Spenser Heaps, AP
BYU head coach Dave Rose watches the action against Prairie View A&M during an NCAA college basketball game at the Marriott Center in Provo, Utah, on Tuesday, Nov. 22, 2011.

How does this BYU team compare with the Jimmer Fredette-led 2011 squad that made it to the Sweet 16?

Apples and oranges? Yes.

At this stage of the season, this team would be tough to match last year in terms of strength of schedule, big wins, and overall excellence. While this team is 16-4 after defeating San Diego, 82-62, Monday night, at this same stage a year ago the Cougars were 18-1 with wins over Arizona, St. Mary's, Utah State and UNLV.

The only BYU loss a year ago at this mid-January point was on the road at UCLA. That team had an RPI in the Top 10 and was ranked as high as No. 3 in the polls.

Today's Cougars are ranked No. 26 in Jeff Sagarin's USA Today power ratings and RealTime RPI.com has the Cougars hovering around 40.

This year a trio of players have emerged in a big way. One of them, Matt Carlino, was tucked away on the bench a year ago, kind of like food storage.

Last year Noah Hartsock averaged single-digit scoring in the shadows of Jimmer Fredette. Last month, he was the WCC player of the month. He averages 10 more points a game than a year ago.

This squad of Dave Rose's is capable of scoring, but struggles to stop the other guys. Rose's recipe to overcome that weakness is to out-score opponents.

A year ago the Cougars had two outstanding guards — two of the best in school history — handling the ball almost all the time with Fredette and Jackson Emery. This year's backcourt is a work in progress that has settled on Carlino the past 10 games.

This year's squad is deeper, but much younger. It doesn't play defense as well, but is more well-rounded in terms of offensive contributors. This year's team uses 11 players, four of them freshmen. Rose may be cutting minutes down to eight as WCC play hits the midway point.

The best indicator that Rose's system is working is the elevated production of post players Brandon Davies and Hartsock. He's gone from a guard-oriented attack to a power post play, classic-inside out.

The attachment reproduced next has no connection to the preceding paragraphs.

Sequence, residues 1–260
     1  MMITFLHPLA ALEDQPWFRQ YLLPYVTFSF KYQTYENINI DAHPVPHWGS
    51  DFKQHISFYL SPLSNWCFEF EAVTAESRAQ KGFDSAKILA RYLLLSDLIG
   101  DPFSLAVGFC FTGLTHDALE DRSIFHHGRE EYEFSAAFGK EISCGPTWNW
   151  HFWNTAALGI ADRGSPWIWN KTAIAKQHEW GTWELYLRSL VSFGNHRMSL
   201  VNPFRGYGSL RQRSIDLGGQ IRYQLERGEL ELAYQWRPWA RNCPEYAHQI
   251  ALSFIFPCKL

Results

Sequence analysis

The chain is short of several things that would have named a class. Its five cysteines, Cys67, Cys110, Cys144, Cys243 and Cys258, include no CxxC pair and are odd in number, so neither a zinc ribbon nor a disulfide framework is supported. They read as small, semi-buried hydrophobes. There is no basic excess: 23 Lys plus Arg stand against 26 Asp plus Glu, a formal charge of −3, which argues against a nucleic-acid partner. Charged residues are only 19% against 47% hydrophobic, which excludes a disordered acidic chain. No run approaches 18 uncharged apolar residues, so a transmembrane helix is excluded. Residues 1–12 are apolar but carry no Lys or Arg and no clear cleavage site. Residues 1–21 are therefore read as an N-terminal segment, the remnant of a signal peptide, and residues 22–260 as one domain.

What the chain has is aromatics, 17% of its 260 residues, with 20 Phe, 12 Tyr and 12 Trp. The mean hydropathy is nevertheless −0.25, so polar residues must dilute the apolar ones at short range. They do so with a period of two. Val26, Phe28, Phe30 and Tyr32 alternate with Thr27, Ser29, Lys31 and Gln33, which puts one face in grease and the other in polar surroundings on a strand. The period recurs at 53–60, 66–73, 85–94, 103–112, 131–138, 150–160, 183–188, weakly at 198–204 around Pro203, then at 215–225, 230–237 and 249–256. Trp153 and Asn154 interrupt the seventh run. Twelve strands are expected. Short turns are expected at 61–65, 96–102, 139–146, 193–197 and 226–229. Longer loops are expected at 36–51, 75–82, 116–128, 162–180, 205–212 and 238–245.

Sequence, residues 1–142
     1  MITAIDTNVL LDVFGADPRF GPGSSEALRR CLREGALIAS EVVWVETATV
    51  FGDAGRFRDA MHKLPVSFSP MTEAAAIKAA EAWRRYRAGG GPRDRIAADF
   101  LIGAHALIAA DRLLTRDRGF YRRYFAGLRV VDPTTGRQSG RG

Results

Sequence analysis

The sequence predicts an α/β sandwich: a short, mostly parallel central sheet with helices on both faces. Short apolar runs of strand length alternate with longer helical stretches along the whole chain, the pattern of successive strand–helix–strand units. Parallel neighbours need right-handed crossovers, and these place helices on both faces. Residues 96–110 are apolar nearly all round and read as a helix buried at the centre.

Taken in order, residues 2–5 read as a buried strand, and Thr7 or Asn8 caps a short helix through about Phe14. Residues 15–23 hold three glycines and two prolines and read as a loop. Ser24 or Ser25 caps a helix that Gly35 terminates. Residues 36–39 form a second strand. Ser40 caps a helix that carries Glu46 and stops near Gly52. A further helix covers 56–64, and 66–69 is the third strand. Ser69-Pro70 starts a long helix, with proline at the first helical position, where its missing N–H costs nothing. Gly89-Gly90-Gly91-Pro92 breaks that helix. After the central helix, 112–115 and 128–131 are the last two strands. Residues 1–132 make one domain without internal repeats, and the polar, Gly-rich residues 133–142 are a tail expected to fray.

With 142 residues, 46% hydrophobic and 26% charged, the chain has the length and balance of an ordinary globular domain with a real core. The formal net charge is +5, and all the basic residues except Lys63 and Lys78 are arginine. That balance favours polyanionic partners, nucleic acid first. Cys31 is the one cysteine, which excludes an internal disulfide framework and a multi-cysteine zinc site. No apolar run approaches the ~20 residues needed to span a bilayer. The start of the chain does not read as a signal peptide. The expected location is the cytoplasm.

In last Saturday's win over Santa Clara, three Cougars scored more than 20 points when Davies got 23 and Hartsock and Carlino added 21 each. That never happed a year ago, primarily because of Fredette's firepower as the nation's leading scorer.

In fact, you'd have to go back 62 games, to March 6, 2010, to find a BYU team that had three 20-plus point scorers in a single game.

On today's team, six different players have scored 20 or more points. A year ago, six players also had 20-plus point games but one of those, Hartsock, only had one. This year he's had six heading with two months to play.

The other big difference is the production of Davies. A year ago Davies had two games in which he scored 20-plus. This year Davies has been on a tear, scoring 20 or more four times.

Against San Diego in Provo, Davies had 21 points and a career-high 22 rebounds. It was the first 20-20 game by a Cougar player in 37 years. So far in five West Coast Conference games, Davies is averaging 19.8 points and 10 rebounds and shoots at a 51.5 percent clip.

A year ago, Dave Rose primarily used eight players with Logan Magnussen playing the fewest minutes of the regulars. Brock Zylstra played, but averaged single digit minutes.

Now, Zylstra averages 28 minutes a game, is BYU's second-best on-ball defender — behind only Charles Abouo — and has games where he's gone for 23, 26 and 22 points.

Bottom line is Rose's current edition is four games from producing another 20-game winner. It'll be his sixth in seven years. With some luck, he'll get that by the end of January with seven games to play in February, plus the WCC tournament in Las Vegas that will bridge into March.

Rose has it going. His program and the underlying recruiting base — he'll trade senior Abouo for missionary Tyler Haws — is on solid ground.


[email protected]